By J. Howard RosierPlus IconMay 13, 2021 11:13am
Since the editors of the anthology Black Futures aspire to nonlinearity—encouraging readers in the book’s introduction to enter the text wherever they please—I will start on page 95: a conversation involving artists Rodan Tekle, Sean D. Henry-Smith (aka S*an D. Henry-Smith), and Destiny Brundidge. “Black people are so thirsty for other Black people—anything! What are you thinking? What do you like? Who do you love? Do you love me?” Brundidge says. “I think that’s a slippery slope, where Blackness plays in, because we . . . get super hyped about each other whenever someone does something cute, then we’re all doing it, and that’s so easy to exploit.” Tekle asks the group whether the complexities of Blackness get dumbed down for the sake of popular media. Henry-Smith qualifies their response: “Sometimes, but maybe the bar is already low.”
This exchange gestures toward both the opportunities and the potential pitfalls of the moment that Black America finds itself in. On the one hand, interest in the goings-on of the Black community is arguably higher than ever before. Racist institutional structures hindering upward mobility, the effects of segregation and redlining on access to fresh food, and the implicit bias affecting the quality of medical care, among other topics, have all been elevated to the level of front-page news by mainstream media, under the assumption that America writ large will care, or at least pretend to. However, this degree of attention has a consumerist dimension, which in turn induces one to conceive of Black consumers as a monolithic block. Few people would dispute the empowerment emanating from Black alternativism and Black nerdom, or deny the agency created by their rise, in counterpoint to whatever is currently being pilloried as #SoWhite. But there is something odd about these new avenues proliferating simultaneously with all the hashtagged names of the latest Black people brutalized by the police. (In this context, #BlackLivesMatter seems the perfect catchall for the myriad intersections of location, class, and interests that consider skin color a factor—you are Black anywhere; your life has value everywhere.)
Yet fixating solely on plight can lead to that other unfortunate sinkhole: Blackness as a never-ending problem to overcome. This is the myth of the Magical Negro underpinning films like The Butler and The Green Book. Elizabeth Alexander, in her New Yorker essay “The Trayvon Generation,” gets at this in regard to works addressing Black contemporaneity, though she takes great care to value all the artists mentioned. “Why, in fact, did Earn drop out of Princeton?” she asks of Donald Glover’s character in the TV series “Atlanta.” “Why does Issa”—Issa Rae’s lead character from the show “Insecure”—“keep blowing her life up?” For Alexander, the point was to highlight the grave risk of Black people failing to account for joy. Both shows are groundbreaking in their characterizations and their resistance to the full-blown comedy genre, but like corporate strategy or sports teams constructed to win championships, mass media operates in a perpetual state of parity. “Don’t you think [both shows are] about low-grade, undiagnosed depression and not black hipster ennui?” Alexander says she asks any young person who will listen. But “black hipster ennui” is easier to reproduce. It stands to reason that, by the time the bracing sensibility of these and other works arrive down-market, they will have already become pernicious.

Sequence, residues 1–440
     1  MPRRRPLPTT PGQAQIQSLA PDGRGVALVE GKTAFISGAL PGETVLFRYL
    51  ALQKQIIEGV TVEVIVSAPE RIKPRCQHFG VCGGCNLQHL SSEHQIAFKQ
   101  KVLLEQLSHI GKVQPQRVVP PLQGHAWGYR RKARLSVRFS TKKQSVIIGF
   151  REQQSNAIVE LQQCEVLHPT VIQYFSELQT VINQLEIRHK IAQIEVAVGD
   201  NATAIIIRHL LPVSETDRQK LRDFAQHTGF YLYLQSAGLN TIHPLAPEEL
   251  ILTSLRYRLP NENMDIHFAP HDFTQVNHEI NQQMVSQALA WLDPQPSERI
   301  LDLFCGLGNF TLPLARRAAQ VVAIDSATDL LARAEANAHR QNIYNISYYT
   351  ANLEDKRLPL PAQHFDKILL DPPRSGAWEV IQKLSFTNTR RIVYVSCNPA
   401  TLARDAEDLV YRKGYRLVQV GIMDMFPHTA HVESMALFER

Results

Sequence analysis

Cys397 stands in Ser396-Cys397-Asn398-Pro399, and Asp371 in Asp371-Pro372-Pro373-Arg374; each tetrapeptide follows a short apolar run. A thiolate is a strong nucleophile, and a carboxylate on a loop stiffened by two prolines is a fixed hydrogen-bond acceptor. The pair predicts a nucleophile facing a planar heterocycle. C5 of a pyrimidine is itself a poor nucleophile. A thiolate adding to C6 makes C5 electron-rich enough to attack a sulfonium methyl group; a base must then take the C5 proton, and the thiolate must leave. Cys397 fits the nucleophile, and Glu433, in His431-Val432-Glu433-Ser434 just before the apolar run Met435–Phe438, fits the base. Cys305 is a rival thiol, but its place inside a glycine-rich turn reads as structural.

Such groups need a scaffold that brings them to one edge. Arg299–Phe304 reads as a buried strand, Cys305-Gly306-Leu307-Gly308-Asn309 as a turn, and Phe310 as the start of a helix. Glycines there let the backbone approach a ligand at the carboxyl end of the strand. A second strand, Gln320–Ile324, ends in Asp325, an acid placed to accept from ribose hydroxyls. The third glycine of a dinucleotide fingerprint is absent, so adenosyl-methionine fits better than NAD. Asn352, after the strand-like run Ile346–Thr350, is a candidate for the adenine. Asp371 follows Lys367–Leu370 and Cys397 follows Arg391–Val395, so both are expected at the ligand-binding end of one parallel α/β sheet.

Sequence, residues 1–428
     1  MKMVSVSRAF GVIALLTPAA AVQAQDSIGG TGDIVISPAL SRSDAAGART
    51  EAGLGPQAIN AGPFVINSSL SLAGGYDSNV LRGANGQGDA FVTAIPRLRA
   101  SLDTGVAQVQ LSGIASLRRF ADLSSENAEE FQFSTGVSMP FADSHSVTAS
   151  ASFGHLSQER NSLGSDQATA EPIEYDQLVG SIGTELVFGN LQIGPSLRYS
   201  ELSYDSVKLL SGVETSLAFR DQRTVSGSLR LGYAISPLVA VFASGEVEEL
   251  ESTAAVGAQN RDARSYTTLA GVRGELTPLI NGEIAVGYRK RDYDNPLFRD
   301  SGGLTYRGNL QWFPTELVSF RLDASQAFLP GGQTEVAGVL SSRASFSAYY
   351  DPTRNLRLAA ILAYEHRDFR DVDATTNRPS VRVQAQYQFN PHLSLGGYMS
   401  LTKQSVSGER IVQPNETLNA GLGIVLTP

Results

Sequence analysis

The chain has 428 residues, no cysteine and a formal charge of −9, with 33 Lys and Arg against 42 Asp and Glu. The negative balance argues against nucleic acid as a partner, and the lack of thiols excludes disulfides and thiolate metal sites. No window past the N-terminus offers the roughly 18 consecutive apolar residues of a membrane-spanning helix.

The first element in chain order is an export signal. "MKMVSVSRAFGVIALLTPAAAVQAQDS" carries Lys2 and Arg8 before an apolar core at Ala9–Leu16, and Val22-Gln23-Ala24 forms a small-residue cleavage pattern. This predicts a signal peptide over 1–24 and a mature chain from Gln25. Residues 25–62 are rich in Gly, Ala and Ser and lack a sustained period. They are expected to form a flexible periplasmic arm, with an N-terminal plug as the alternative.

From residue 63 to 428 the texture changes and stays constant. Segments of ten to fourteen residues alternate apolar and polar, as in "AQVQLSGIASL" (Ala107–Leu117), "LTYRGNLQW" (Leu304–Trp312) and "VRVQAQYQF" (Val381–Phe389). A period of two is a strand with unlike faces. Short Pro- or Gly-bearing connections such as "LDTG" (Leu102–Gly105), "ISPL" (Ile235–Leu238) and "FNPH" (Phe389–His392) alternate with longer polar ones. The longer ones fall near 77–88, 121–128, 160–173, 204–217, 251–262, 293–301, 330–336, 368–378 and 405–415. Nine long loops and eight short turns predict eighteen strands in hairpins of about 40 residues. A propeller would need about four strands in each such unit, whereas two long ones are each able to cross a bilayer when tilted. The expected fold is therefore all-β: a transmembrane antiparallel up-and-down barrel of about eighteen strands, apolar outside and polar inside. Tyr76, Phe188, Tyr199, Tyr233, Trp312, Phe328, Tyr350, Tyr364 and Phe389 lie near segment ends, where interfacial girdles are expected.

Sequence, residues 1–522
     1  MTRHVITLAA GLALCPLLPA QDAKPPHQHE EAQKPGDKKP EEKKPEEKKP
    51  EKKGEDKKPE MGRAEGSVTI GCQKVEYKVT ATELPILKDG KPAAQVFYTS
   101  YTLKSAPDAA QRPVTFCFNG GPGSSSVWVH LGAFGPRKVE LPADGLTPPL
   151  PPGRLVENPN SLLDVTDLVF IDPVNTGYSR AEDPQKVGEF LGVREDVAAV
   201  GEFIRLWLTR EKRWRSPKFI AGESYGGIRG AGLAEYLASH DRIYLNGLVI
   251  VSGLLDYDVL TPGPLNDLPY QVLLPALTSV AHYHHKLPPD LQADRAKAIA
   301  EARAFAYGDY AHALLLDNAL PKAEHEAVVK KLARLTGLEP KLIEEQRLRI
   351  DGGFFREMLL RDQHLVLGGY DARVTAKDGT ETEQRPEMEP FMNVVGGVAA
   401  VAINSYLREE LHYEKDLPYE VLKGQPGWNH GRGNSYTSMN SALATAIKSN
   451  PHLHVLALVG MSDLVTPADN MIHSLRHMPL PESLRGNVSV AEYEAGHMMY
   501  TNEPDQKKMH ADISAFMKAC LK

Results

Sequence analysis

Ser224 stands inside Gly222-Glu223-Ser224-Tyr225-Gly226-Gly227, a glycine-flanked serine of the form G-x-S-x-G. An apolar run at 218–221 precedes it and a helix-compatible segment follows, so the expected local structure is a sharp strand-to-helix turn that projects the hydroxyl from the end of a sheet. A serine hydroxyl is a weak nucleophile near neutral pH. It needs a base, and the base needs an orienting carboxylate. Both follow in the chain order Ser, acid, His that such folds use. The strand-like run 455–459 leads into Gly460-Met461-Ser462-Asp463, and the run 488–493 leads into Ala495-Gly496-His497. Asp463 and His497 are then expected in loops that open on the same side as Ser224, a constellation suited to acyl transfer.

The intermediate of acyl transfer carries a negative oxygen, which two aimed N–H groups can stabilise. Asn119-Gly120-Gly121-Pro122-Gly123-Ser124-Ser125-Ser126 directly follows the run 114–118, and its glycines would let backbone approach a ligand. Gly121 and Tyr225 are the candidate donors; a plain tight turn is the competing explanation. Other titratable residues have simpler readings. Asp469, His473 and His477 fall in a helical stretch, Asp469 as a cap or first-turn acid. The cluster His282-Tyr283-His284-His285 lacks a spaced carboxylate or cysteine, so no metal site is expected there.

In other words, the only way to get it right is to get it all, which Black Futures attempts to do, despite characterizing the effort as impossible. The book’s editors, Jenna Wortham, a journalist at the New York Times Magazine, and Kimberly Drew, a curator who formerly served as social media manager for the Metropolitan Museum of Art, initially connected via Twitter with the goal of putting out a zine—a notable detail, if only to mark their book’s amalgamated visual language and playfulness. Black Futures draws from commissioned pieces and previously published material that ranges in length from a single spread to several pages. It’s not uncommon for a poem to follow screenshots from social media, or an annotated collection of zines to lead into a gallery of nameplate jewelry. Pages are color-coded by content: green for recipes, yellow for wisdom or trend observations, black for poetry, and white for incendiary essays and artworks. The beginning of each entry has a “Related Entries” note in red nestled in the lower left corner, directing readers to other parts of the book. The only organizational detail that feels expected is ordering the material by theme: “Black Lives Matter,” “Black Futures,” “Power,” “Joy,” “Justice,” “Ownership,” “Memory,” “Outlook,” “Black Is (Still) Beautiful,” and “Legacy.” Wortham and Drew recommend reading Black Futures next to a device, and hope readers will follow ideas down their various rabbit-holes, but the book’s structural quirkiness makes reflex googling unnecessary; its form renders the activity of thinking about Blackness in and of itself.
With race-centered projects such as this, it’s often difficult to parse how ideas and images might affect the uninitiated, and whether their reading experience is tinged with voyeurism. But to a Black person (or at least this Black person), the feeling of being seen is all-consuming. “Not an inch nor a particle of an inch is vile, and none shall be less / familiar than the rest,” Walt Whitman wrote. Or, as Adrienne Maree Brown put it in her contribution, a “recipe” for how to reclaim our skin: “This is your living body; this is what aliveness feels like.”